James Vincent Seaton BOWEN

BOWEN, James Vincent Seaton

Service Number: 417332
Enlisted: 25 April 1942, Adelaide
Last Rank: Flight Lieutenant
Last Unit: No. 463 Squadron (RAAF)
Born: Adelaide, SA, 22 February 1923
Home Town: Adelaide, Adelaide, South Australia
Schooling: St Peter's College, SA School of Mines, Adelaide University
Occupation: Landbroker, Public official, businessman
Died: Natural Causes, Adelaide, South Australia , 16 March 2016, aged 93 years
Cemetery: Not yet discovered
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World War 2 Service

25 Apr 1942: Involvement Royal Australian Air Force, Flight Lieutenant, SN 417332, No. 463 Squadron (RAAF), Air War NW Europe 1939-45
25 Apr 1942: Enlisted Adelaide
5 Mar 1946: Discharged

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Biography contributed by Steve Larkins

James Vincent Seaton BOWEN


FORMER Adelaide Lord Mayor Jim Bowen came to the post after a career as a bomber pilot in World War II, a businessman, and a councillor and alderman for 14 years.

He was the great-grandson of a former city councillor, R.G. Bowen, and the son-in-law of a former Lord Mayor, Sir Arthur Barrett.

Jim was educated at St Peter’s College and the SA School of Mines, later studying landbroking at the University of Adelaide. Jim enlisted in the RAAF in 1942 and flew in 463 Squadron, in the famed Pathfinder Force. Bomber Command bombers were woefully inaccurate on night raids until the Pathfinder Force was established in late 1942. It used the latest navigation gear to pinpoint targets before dropping flares to act as guides for targets, becoming increasingly successful throughout the war.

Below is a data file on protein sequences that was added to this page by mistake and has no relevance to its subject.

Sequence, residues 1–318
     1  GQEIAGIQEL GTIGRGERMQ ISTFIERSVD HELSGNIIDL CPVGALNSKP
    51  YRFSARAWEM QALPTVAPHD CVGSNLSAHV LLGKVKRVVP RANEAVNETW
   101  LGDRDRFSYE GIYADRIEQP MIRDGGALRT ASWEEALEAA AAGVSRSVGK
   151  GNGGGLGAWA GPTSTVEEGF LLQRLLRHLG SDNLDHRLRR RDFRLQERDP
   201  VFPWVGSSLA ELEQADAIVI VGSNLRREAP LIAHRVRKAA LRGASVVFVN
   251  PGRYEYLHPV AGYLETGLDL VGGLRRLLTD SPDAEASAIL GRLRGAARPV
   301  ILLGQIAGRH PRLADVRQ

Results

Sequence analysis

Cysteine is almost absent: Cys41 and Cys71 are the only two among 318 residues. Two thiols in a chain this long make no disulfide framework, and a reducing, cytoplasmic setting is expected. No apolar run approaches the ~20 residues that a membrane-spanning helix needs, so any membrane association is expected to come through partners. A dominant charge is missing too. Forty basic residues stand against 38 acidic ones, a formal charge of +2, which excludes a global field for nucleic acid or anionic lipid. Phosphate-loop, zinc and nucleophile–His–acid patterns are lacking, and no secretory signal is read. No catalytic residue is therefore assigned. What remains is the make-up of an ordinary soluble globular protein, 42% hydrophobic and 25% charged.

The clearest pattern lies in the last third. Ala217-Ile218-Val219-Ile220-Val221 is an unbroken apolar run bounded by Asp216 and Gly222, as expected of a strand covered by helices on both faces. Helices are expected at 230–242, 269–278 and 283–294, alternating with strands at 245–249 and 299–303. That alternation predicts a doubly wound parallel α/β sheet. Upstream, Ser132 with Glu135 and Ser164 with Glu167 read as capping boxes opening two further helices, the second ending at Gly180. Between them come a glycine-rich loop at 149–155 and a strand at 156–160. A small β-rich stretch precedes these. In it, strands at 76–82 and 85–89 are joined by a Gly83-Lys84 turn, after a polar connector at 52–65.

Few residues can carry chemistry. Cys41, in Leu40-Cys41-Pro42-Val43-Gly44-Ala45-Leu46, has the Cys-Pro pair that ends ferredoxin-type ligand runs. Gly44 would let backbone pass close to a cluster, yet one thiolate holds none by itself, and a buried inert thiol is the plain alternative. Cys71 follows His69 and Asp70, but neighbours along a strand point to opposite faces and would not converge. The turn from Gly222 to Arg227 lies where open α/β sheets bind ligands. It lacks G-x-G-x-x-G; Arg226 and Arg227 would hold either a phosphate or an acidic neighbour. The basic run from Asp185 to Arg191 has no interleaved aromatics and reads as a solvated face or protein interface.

After the war, in 1951, Jim took over the John Wyles and Co real estate business built up over 50 years by his father, Vincent Lorne Bowen.

He ran John Wyles from 1951 until 1960, when it was taken over by L.J. Hooker.

Jim became the state manager of the company and was also a director of SA Brush Company (Sabco) and several private companies.

Former Lord Mayor of Adelaide Jim Bowen in his mayoral robes in 1979
He gave many years of community service, especially to the Adelaide Benevolent Society from 1961, and was president from 1992 to 2001.

As well, Jim was chairman of the State Theatre Company of SA from 1968 to 1971.

From 1979 to 1981 he was Lord Mayor and, in that time, was particularly interested in restoring the population of the city centre which, over the previous century, had deserted the central square mile to live in the suburbs.

He helped create a special fund which bought and restored rundown city houses and then sold them.

He was also a prime-mover in planting more trees to make Adelaide’s wide streets more attractive.

While in office, Jim commissioned a ceremonial Lady Mayoress necklace featuring a large opal for his wife, Natalie. But Diana Watson, the next Lady Mayoress, thought opals brought bad luck and refused to wear it, so Lord Mayor Arthur Watson gave the opal to Adelaide’s sister city, Austin, in Texas.

Last year, Austin graciously returned the gift so it could be reinstated in the necklace.

After leaving office, Jim continued in business, selling garden irrigation systems. In 1983, he showed his interest in food by establishing a fresh pasta business called Anna’s Kitchen.

Just two weeks before his death, Jim was presented with a Legion of Honour by the French Minister of Defence, Jean-Yves Le Drian, in recognition of his war service.

He is survived by children Penelope, Elizabeth and Alison and six grandchildren.